The gazette notification, released on August 28, states that all e-pharmacies have to register with the Central Drugs Standard Control Organisation, the apex drug regulator and central licensing authority.
“While the draft rules clearly mention a central licensing authority, as far as e-pharmacy marketplaces are concerned, there is also Rule 67T (3), which talks about the power of the state governments to cancel the registrations. The confusion lies around the question of where this power is coming from,” said Atul Pandey, partner at law firm Khaitan & Co.
Additionally, it is yet unclear if offline pharmacy retailers selling on online platforms will also have to register with the central licensing authority, and if online platforms have to register with the states as well.
“There is also a requirement under existing rules for each and every drug, retailers and wholesalers to obtain license from the state authorities. It is not clear if the online portals will have to register with the state authorities in relation with the drugs sold through the portal,” Pandey said.
A 45-day period has been set by policymakers to receive recommendations and comments from the stakeholders and public on the draft rules, post which the rules will be notified formally. The e-pharma industry, thus far, has reacted positively to the draft guidelines, seen as the first attempt to bring it under regulatory oversight, having operated in what was perceived as a grey area since inception. “It is a very positive boost for the sector, because the notification is a clear intent of being supportive,” said Prashant Tandon, chief executive of online pharmacy 1mg.
“What is still not fully clear are issues around data privacy. We are still waiting to understand what that means in some level of granularity, but that should be covered under the data privacy conversations, which are already actively on,” said Tandon, who also heads the India Internet Pharmacy Association.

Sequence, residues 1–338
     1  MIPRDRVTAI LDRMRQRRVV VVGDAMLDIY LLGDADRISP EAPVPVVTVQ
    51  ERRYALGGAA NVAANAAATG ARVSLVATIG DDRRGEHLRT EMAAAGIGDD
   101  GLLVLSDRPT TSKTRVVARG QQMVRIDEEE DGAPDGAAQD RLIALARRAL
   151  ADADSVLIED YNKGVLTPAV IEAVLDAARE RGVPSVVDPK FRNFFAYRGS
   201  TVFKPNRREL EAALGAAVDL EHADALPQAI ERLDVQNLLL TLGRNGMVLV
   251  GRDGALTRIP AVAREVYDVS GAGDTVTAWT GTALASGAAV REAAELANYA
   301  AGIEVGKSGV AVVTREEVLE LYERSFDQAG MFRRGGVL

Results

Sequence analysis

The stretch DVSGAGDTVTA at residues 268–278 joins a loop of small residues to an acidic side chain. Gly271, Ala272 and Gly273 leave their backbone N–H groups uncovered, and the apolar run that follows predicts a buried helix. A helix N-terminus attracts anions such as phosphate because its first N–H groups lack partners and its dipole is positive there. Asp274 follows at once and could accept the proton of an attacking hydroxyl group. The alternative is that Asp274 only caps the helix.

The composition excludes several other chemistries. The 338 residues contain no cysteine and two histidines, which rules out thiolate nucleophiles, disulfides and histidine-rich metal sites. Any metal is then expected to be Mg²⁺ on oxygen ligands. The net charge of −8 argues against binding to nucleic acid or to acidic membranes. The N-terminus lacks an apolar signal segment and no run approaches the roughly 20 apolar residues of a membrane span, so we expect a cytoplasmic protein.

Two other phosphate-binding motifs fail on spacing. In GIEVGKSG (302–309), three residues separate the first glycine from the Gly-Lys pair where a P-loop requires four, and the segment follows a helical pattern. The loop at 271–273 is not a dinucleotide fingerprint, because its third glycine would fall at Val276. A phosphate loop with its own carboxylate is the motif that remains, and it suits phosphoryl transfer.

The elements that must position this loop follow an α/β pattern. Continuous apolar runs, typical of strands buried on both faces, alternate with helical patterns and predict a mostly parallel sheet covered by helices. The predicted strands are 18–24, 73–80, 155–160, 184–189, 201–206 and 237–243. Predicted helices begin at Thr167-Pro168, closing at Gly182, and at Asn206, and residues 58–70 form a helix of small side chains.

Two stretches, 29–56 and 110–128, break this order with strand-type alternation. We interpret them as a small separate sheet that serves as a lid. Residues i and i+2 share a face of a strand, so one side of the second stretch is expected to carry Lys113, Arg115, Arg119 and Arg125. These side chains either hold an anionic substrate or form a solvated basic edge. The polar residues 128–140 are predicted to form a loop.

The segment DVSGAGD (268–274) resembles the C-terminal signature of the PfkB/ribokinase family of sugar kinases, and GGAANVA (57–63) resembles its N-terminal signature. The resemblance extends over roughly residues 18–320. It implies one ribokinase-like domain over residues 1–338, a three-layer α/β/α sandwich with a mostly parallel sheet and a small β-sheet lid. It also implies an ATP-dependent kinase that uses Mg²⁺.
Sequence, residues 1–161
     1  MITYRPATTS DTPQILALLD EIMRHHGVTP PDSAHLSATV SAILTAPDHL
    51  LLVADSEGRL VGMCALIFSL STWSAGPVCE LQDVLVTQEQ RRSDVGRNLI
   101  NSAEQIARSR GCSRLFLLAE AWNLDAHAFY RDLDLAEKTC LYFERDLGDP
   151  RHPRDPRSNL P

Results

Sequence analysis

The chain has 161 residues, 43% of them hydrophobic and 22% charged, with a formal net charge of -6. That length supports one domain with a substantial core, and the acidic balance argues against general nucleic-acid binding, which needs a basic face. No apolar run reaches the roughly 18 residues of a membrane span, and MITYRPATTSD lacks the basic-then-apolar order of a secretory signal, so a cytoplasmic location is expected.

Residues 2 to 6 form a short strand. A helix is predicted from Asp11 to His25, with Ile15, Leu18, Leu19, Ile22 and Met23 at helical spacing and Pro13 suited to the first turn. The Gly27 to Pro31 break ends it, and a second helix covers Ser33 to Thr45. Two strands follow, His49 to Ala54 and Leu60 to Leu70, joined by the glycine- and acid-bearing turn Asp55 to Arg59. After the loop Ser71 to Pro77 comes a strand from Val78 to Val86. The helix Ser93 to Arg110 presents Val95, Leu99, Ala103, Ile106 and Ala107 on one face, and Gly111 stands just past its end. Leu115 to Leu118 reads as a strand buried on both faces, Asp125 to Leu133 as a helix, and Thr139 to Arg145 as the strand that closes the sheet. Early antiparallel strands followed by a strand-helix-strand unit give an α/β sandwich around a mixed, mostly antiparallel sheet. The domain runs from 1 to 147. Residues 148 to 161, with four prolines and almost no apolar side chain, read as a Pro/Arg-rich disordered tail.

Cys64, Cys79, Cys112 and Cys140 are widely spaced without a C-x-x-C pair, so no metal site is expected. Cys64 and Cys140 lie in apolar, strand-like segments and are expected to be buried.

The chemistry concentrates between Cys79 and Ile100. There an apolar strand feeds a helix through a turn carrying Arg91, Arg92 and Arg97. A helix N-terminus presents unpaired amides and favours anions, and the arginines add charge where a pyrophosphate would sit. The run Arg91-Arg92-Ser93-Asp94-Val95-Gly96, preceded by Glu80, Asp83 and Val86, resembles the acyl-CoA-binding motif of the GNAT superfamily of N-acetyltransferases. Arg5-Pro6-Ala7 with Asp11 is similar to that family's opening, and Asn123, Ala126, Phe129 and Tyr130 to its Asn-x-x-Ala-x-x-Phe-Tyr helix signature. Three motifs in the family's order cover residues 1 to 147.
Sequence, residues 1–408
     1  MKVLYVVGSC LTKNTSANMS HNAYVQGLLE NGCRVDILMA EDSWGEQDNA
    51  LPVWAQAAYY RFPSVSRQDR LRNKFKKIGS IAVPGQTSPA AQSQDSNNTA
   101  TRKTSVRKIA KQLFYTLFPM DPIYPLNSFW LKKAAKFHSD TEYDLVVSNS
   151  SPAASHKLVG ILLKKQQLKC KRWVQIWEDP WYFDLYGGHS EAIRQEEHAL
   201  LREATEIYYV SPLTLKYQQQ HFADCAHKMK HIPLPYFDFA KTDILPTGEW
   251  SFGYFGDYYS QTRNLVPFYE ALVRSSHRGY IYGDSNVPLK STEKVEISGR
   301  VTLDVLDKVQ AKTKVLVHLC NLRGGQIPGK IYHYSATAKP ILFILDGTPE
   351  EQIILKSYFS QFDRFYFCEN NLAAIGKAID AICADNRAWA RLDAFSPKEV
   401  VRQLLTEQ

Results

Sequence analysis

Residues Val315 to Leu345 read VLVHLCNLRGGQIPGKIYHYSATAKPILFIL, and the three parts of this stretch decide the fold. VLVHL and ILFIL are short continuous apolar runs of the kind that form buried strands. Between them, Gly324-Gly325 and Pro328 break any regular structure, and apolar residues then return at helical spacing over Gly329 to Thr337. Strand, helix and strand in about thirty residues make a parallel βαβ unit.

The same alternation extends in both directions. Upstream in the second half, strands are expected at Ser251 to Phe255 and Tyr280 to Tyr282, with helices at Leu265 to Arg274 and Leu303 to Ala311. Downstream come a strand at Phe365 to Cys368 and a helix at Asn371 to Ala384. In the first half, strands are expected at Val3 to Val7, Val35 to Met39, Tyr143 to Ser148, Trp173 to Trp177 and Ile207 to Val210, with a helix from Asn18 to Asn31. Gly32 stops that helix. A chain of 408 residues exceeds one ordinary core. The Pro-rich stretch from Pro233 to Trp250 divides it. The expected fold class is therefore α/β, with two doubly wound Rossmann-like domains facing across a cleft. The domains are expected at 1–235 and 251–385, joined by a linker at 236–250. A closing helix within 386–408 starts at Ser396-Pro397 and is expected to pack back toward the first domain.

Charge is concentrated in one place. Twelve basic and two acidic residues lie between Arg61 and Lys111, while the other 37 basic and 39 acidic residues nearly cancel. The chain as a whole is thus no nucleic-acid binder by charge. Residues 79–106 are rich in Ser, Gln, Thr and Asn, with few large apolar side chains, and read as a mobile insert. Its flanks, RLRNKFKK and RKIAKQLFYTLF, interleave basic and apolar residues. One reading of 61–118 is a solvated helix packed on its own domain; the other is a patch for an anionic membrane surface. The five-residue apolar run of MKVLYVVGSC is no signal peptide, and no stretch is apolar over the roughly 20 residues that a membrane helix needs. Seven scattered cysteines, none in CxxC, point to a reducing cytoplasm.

Tandon, however, shot down concerns relating to over-regulating the nascent space.
“Regulations in this sector are much more poorly enforced than it needs to be. Pharmacy is a sector that deserves better compliance than it has today… We are anyway operating with high standards of compliance,” he said.
India’s pharmaceutical sector was valued at $33 billion in 2017, according to the India Brand Equity Foundation. It is expected to expand at a CAGR of 22.4% over 2015–20 to reach $55 billion. The country is expected to be among the top three pharmaceutical markets by incremental growth and the sixth largest market globally in absolute size by 2020.
The domestic e-pharmacy market has captured less than 1% of the overall pharmaceutical market but is projected to touch $3 billion by 2024, according to Kuick Research. “If you look at India’s growth, the two most important aspects are improving accessibility to healthcare and improving affordability… Ecommerce can play a strong role in bridging that,” said Pradeep Dadha, chief executive of online pharmacy NetMeds.